Golf: Exemption draws nearer

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The Independent Online
PETER MITCHELL will be engaged in golf in some capacity on Sunday, one being considerably more pleasurable than the other. He will either be engaged at Barassie in a dogfight known as Open Championship qualifying or in a bunfight at the opening of the London Club in his home county of Kent.

Yesterday he went some way towards ensuring it will be the latter. Mitchell shot 64 in the second round of the Bell's Scottish Open and at nine under par for the championship is nicely placed to gain one of the five places on offer that grant exemption to the Open at Turnberry next week.

Should he do so he will travel to the London Club, which marks its opening with a three-ball of Jack Nicklaus, who designed the course, Seve Ballesteros and Tony Jacklin. Mitchell's connection with the exclusive club is that he has been appointed as the touring professional. As such he might have expected an invitation to make the three-ball a four-ball but as it stands the Japanese owners simply expect his presence at the grand opening.

'It would be nice to play with them but those three are legends,' Mitchell said. 'I'm immaterial.' It was put to him that he was a legend in Kent. Which part? somebody asked. 'My house,' Mitchell replied. Over-confidence is not one of his problems. In a 20-year professional career Mitchell has one Tour victory: the Austrian Open in 1992 on a course designed by Nicklaus.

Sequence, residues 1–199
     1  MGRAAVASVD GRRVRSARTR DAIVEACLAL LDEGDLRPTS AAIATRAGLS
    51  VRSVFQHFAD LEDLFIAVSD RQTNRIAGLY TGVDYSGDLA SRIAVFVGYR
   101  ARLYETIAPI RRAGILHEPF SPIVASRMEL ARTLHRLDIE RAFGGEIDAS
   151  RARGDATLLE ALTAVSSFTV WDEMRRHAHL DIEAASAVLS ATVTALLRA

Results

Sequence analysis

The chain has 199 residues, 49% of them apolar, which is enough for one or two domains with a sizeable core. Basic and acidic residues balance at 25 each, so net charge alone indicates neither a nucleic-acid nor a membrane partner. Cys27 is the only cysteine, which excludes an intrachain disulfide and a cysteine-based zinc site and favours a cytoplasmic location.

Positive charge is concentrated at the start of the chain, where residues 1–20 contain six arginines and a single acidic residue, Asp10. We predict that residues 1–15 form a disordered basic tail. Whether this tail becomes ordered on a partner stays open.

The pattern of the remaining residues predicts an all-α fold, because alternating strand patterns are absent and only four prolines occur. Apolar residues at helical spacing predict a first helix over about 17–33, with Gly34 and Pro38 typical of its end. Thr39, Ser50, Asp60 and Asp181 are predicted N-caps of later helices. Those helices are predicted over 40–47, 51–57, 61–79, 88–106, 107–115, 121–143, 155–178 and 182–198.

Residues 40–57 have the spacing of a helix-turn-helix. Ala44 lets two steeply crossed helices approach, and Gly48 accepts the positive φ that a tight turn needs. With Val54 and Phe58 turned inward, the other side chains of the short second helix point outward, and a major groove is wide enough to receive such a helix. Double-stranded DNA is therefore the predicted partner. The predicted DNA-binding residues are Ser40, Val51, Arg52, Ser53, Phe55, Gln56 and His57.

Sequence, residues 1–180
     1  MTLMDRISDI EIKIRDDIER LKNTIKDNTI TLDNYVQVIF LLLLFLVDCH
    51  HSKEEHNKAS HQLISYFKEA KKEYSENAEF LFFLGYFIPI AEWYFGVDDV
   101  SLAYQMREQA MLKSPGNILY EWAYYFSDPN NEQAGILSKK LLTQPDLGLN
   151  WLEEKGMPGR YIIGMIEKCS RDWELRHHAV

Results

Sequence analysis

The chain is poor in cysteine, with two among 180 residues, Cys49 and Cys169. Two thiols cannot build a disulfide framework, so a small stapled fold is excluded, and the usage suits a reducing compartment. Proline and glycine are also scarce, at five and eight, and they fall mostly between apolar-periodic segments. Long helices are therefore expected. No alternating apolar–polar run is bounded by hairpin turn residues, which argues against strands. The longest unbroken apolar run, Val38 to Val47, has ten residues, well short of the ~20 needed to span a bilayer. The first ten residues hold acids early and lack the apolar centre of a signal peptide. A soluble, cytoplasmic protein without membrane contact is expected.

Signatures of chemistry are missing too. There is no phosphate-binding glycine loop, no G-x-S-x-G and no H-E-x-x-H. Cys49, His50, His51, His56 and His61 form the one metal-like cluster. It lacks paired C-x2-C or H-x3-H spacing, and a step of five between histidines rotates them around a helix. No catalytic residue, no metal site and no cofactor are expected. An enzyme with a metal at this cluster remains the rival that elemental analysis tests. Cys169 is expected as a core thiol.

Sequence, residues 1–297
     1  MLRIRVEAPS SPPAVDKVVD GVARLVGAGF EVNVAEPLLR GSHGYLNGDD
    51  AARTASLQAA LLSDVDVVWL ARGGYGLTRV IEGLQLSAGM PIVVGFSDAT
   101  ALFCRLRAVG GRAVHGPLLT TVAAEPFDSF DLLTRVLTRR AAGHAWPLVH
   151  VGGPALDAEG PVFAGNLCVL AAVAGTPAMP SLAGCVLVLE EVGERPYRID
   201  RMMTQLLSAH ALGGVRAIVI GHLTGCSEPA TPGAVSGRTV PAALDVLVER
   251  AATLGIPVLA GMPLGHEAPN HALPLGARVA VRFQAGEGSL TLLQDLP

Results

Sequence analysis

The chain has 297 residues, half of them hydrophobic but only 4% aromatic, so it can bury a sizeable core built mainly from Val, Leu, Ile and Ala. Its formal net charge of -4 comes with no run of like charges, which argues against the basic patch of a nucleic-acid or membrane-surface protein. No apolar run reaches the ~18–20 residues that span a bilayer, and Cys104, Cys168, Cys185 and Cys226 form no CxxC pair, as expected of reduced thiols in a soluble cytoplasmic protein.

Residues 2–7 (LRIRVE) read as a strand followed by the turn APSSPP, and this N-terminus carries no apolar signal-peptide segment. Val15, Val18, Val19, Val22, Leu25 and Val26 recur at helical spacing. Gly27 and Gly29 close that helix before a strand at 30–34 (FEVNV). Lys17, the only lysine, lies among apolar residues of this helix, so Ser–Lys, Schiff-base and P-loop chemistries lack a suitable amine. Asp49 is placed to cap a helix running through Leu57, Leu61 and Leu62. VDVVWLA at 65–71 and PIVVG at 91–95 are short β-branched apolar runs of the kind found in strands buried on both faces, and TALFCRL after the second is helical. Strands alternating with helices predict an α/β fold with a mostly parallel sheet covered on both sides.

The Golden Bear PR team sent Mitchell a congratulatory letter complete with a photograph of the great player-designer himself. A nice gesture but it is not common practice for one professional to send another a photograph of himself. On one occasion Mitchell actually spoke to Nicklaus when they bumped into each other in the gent's. 'I can't possibly repeat the conversation,' Mitchell said mysteriously.

On current form you would have to back Mitchell to beat Nicklaus. 'He may have designed the London Club,' the Londoner said, 'but it's my home course, know what I mean.' Yesterday, the King's Course was plundered and although Mitchell's 64 gave him a one-stroke lead at the half- way stage there were several 63s. One was by D J Russell, who 12 months ago drove from here after the second round in the mistaken belief that he had missed the cut. When he arrived home in Derby he got back in his car and drove through the night to Gleneagles. Yesterday he finished with an eagle three, chipping in from 45 yards after hitting his approach on to the practice putting green on the left.

Andrew Oldcorn also had a 63 although he nearly disappeared without trace at the ninth, which has a sharply raised green. Lining up his putt, Oldcorn stepped back, lost his footing and as he headed down the slope he completed a full somersault and landed on his feet. It drew the loudest applause of the day and a string of 10s. Despite the fact that he could barely hold the club through laughing, Oldcorn sank the putt.

Ernie Els, with a bogey six at the last, missed the cut by a stroke while John Daly survived with nothing to spare. The cut was made at one under par and Daly is at one under.

Colin Montgomerie had a 66 to stand at seven under. 'I'm exactly where I want to be,' he said. 'I haven't got a Langer or a Faldo in front of me.' No, but he has got the London Club touring pro.

Scores, Sporting Digest, page 35

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